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Addressing Domestic Support Measures in the WTO: What is at Stake for East Africa?

Despite the huge potential for agriculture in the EAC, the region remains a net food importer relying on imports to sustain its population. Trade-distorting domestic support in agriculture remains a major challenge preventing the EAC from integrating in the world markets.

Agriculture is the backbone of the economy and growth in the East African Community (EAC). The sector accounts for 36% of the region’s GDP, and almost 60% of its total export income. In addition, 80% of the population in the five member countries rely on agro-business activities for their livelihood – most of them are small-scale farmers in rural areas.

Despite the huge potential for agriculture in the EAC, which is endowed with vast arable lands and water bodies suitable for agriculture, the region remains a net food importer relying on imports to sustain its population. Trade-distorting domestic support in agriculture remains a major challenge preventing EAC and other similarly situated countries from integrating in the world markets. Such support creates conditions of unfair competition on markets, hindering inter alia development and food security prospects of countries such as the EAC Members.

In the drive up to the next WTO Ministerial Conference of December 2017, addressing the long standing issue of Domestic Support measures in the Agriculture negotiations has been identified among the areas to be considered for decisions at the Conference.

It is from the above perspective that EAC Geneva Delegates to the WTO met to discuss stakeholders’ perspectives on domestic support measures in multilateral trade negotiations –especially in the upcoming WTO ministerial conference in Buenos Aires.

During the meeting highlights from country update notes (CUNs) based on stakeholders’ perspectives from EAC member countries, were presented. In the discussions, the following observations were made:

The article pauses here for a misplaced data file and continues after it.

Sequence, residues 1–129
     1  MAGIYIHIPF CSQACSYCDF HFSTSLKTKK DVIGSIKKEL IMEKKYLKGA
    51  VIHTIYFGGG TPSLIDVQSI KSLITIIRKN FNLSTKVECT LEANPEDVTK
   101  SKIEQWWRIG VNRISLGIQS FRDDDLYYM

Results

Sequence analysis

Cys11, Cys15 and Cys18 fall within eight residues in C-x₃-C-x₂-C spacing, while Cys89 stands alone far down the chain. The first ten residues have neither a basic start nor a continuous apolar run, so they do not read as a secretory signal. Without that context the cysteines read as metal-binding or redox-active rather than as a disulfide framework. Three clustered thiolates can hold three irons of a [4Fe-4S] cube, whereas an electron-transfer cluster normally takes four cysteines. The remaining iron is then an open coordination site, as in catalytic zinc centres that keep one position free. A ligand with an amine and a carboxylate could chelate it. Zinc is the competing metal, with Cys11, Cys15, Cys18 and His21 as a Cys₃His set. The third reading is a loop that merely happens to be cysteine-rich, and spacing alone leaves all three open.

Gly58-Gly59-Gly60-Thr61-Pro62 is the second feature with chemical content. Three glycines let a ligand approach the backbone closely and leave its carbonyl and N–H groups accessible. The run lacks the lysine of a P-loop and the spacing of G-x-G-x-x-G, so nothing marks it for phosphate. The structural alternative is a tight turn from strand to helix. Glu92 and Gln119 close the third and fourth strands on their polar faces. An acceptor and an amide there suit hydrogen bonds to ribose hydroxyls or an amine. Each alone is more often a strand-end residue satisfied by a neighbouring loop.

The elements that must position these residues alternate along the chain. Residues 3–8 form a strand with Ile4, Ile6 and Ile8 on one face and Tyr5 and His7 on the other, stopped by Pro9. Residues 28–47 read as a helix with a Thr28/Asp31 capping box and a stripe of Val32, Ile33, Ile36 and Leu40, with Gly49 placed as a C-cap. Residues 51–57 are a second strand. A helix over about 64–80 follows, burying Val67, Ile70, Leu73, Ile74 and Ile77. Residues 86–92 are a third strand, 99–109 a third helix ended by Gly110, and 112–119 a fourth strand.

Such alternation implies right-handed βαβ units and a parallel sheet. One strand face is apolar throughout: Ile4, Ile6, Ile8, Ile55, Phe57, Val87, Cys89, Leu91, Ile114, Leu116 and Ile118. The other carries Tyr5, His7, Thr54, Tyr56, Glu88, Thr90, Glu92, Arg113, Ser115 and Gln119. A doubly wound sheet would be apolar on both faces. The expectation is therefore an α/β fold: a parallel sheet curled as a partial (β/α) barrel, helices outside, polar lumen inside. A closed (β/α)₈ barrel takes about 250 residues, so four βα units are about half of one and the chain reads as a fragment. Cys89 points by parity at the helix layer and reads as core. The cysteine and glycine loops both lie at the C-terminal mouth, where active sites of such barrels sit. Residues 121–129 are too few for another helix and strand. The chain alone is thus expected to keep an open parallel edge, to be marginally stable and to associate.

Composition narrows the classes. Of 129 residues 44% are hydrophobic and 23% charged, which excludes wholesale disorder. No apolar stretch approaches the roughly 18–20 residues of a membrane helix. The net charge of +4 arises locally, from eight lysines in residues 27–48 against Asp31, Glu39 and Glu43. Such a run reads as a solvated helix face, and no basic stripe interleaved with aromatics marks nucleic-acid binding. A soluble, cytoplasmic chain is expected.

• Low value addition of agro-products in the region is one of the main obstacle to development of the agriculture sector, and further integration of the sector with global trade.
  • There is not enough data and statistics on how exactly domestic support measures in other countries affect the agro-industry in the region, and that what agro-products are most vulnerable to such measures.
  • The EAC has a list of agro-products that are sensitive to trade-distorting domestic support. This list should be further developed. In addition, there should be a similar list that identifies the agro-products that have high export potential for the region, so that the member countries could design and implement their agro-development plans more effectively.
  • It is not clear yet how to get developing countries to fully support the LDCs’ proposal to the WTO on “urgent” actions on domestic support ahead of MC11.
  • The issue of “box shifting” is another challenge for the region as the interpretation of non-trade distorting measures in the Green Box is currently ambiguous and that developed countries misuse this mechanism to avoid reduction commitments.

In general, delegates welcomed the EAC Forum initiative. They acknowledged the fact that Forum meetings appraise them with their respective national stakeholders’ perspectives, which facilitates them with a holistic approach on negotiations in the WTO.

At the end, it was proposed that the next Forum should discuss fisheries subsidies in the WTO agriculture negotiations, as the endangered marine life – as a result of illegal fishing- in the region is vital for the livelihood of many local people and the sustainability of environment.

 

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